Day 6 - Monday 24 April

The Bull Ring in Northwich was a great spot for our morning rally, right by the town bridge, one of Northwich’s swing bridges over the River Weaver. The 7-day walkers were boosted as ever by the arrival of new walkers, and it was great that two of these were colleagues from psychology, fitting given the inspiration for Boot Out Austerity from the psychologists’ Walk the Talk in 2015. We started with the Poet Austeriate’s daily poem, and were later joined by the bard himself, who is with us now for the last two days.

We were also joined by two local Councillors from Cheshire West and Chester Council, Sam Naylor and Paul Dolan, and a councillor from Northwich Town Council. Councillor Paul Dolan is the Cabinet Member for adult social care, which was the day’s theme, so he addressed the rally, making clear the difficulties faced in this area given the cuts imposed on them by central government.

In keeping with the theme, another of the poems was one brought with her by Angi, and she read out Kevin Palmer’s War on the Disabled. This will be up on the Poems page soon - powerful words.

Great too to welcome John McGowan of the Social Workers Union, with us for the rest of it - and his introduction led to a spontaneous rendition of Part of The Union - and we ended with a brilliantly messy These Boots are Made for Walkin’, led by Councillor Sam Naylor!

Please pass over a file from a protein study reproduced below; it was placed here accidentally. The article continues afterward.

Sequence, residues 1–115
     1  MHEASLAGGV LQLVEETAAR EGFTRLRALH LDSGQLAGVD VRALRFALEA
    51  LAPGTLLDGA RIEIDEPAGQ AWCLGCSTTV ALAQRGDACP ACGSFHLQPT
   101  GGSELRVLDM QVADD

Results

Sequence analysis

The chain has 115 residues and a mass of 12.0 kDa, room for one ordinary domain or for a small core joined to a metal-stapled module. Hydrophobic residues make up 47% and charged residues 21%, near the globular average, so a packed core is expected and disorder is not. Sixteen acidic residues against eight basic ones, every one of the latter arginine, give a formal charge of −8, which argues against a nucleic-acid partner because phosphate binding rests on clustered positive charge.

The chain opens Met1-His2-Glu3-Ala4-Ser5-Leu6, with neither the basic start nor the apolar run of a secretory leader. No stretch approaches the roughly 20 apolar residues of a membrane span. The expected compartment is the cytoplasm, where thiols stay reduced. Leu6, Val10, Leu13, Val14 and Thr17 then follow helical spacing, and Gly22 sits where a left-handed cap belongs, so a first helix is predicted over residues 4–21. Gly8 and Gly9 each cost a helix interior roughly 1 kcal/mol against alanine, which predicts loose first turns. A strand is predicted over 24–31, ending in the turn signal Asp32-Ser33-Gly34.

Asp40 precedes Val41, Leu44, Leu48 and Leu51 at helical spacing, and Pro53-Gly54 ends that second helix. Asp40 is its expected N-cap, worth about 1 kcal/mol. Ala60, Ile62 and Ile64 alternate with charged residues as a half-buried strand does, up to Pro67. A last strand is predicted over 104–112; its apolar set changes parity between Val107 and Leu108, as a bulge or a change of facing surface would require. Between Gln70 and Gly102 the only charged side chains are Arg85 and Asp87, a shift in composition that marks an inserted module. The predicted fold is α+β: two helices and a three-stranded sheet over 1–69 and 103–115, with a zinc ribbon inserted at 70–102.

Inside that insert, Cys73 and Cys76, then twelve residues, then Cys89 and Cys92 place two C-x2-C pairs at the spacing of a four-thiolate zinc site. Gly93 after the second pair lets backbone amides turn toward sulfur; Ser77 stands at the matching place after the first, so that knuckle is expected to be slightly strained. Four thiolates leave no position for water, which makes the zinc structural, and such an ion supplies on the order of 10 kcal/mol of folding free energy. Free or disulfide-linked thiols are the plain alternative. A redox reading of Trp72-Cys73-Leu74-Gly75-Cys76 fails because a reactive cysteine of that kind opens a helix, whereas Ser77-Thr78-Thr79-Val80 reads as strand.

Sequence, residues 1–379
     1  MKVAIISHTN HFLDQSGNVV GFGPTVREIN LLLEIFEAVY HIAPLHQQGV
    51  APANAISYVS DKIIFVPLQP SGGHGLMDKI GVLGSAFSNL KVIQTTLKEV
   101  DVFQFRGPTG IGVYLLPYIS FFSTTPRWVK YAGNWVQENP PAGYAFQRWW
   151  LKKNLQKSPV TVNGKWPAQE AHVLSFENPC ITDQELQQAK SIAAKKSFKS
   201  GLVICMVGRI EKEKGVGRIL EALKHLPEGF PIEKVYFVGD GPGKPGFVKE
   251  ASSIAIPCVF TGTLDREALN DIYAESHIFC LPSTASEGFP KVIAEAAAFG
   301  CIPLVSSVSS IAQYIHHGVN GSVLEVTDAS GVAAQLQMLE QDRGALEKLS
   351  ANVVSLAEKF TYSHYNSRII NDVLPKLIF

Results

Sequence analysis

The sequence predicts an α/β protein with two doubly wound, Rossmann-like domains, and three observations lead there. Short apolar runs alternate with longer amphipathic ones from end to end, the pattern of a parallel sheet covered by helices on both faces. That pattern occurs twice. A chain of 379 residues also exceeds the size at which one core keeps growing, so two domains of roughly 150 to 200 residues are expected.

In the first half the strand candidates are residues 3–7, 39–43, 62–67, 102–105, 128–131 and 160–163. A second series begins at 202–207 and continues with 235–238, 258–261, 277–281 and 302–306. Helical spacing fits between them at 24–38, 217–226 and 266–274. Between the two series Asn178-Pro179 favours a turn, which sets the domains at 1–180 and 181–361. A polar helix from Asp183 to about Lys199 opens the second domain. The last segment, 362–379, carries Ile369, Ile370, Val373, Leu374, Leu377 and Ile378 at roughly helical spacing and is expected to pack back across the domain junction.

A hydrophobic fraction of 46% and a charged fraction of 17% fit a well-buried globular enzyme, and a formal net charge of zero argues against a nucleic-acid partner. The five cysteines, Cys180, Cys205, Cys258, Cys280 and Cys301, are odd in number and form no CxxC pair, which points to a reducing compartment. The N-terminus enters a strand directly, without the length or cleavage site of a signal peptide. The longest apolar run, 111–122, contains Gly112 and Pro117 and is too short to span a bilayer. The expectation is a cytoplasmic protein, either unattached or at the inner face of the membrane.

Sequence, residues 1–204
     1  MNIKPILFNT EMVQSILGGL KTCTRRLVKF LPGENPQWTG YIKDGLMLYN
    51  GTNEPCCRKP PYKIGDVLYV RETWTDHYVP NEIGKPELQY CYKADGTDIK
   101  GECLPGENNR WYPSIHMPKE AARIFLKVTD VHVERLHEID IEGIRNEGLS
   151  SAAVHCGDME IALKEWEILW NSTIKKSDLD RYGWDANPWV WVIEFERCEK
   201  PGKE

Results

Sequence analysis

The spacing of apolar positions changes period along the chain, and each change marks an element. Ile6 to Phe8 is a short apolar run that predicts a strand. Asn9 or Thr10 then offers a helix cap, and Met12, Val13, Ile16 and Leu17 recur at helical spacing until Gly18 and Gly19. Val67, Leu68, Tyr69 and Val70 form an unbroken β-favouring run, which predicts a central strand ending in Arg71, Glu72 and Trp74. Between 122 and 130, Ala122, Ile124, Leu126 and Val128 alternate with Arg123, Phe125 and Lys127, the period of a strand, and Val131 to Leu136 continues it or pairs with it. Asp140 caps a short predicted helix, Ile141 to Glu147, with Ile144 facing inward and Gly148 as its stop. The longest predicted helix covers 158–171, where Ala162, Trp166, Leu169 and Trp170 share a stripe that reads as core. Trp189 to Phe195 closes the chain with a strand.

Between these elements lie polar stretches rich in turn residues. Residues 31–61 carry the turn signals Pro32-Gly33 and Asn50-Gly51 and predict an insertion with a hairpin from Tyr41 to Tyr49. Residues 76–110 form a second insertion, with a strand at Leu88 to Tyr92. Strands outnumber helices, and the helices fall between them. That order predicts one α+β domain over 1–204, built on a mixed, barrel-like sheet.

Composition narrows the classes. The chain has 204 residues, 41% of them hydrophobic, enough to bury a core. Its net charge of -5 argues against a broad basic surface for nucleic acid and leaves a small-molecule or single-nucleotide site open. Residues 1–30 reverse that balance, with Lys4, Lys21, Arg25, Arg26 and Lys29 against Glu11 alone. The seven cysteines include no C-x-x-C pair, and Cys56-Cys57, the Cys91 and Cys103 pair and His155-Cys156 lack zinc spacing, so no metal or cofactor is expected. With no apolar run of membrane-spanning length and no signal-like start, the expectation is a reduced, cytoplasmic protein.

Then we were off, over the river, up the hill into Winnington, and then down to another of the swing bridges and sweeping around and up through Barnton. Then a drop down to rejoin our friend the Trent & Mersey Canal, and the first rain of the week. It wasn’t too bad though and we arrived at our lunchtime destination, the Tunnel Top in Dutton dry and in good spirits.

Through the help of social work student, Rachel, who’s from Runcorn, we suddenly had the chance of a visit to Runcorn Food Bank, during its Monday 1-3pm opening. We met Colin, the manager, after lunch, but unfortunately were just too late to get there. He told us about the increase in people using the food bank, from 2000 in 2015 to 2500 last year, explaining about the reasons people were without food and so needed to come: 80% because they had been sanctioned, and others because of low pay or psychological difficulties. Astonishing that we don’t pay people enough to eat, and that we withdraw money altogether from people, I imagine to leave them to starve if people like Colin didn’t set up these charitable services. As Peter’s song says though, “Kids there living in poverty, and this is the 21st century”. A scandalous situation which shames us all.

We walked through the grounds of Halton General Hospital, then through Runcorn Shopping City, to the bemusement of some shoppers and the support of others. After that it wasn’t long before we were marching in a close group across the Runcorn Town Hall Park to our end point at the town hall. The shortest day’s walking and another good day.

Our meeting was in the Grangeway Community Centre, and we heard from some local social workers about the difficulties they face within adult social care, with the effects of privatisation in particular, their struggle to find care agencies, and then the effects of the poor levels of staffing and conditions for the staff in these agencies. It was good to make this contact with social workers on the ground here, and we will document more details of their accounts soon.

One day to go!

Guy Shennan, BASW Chair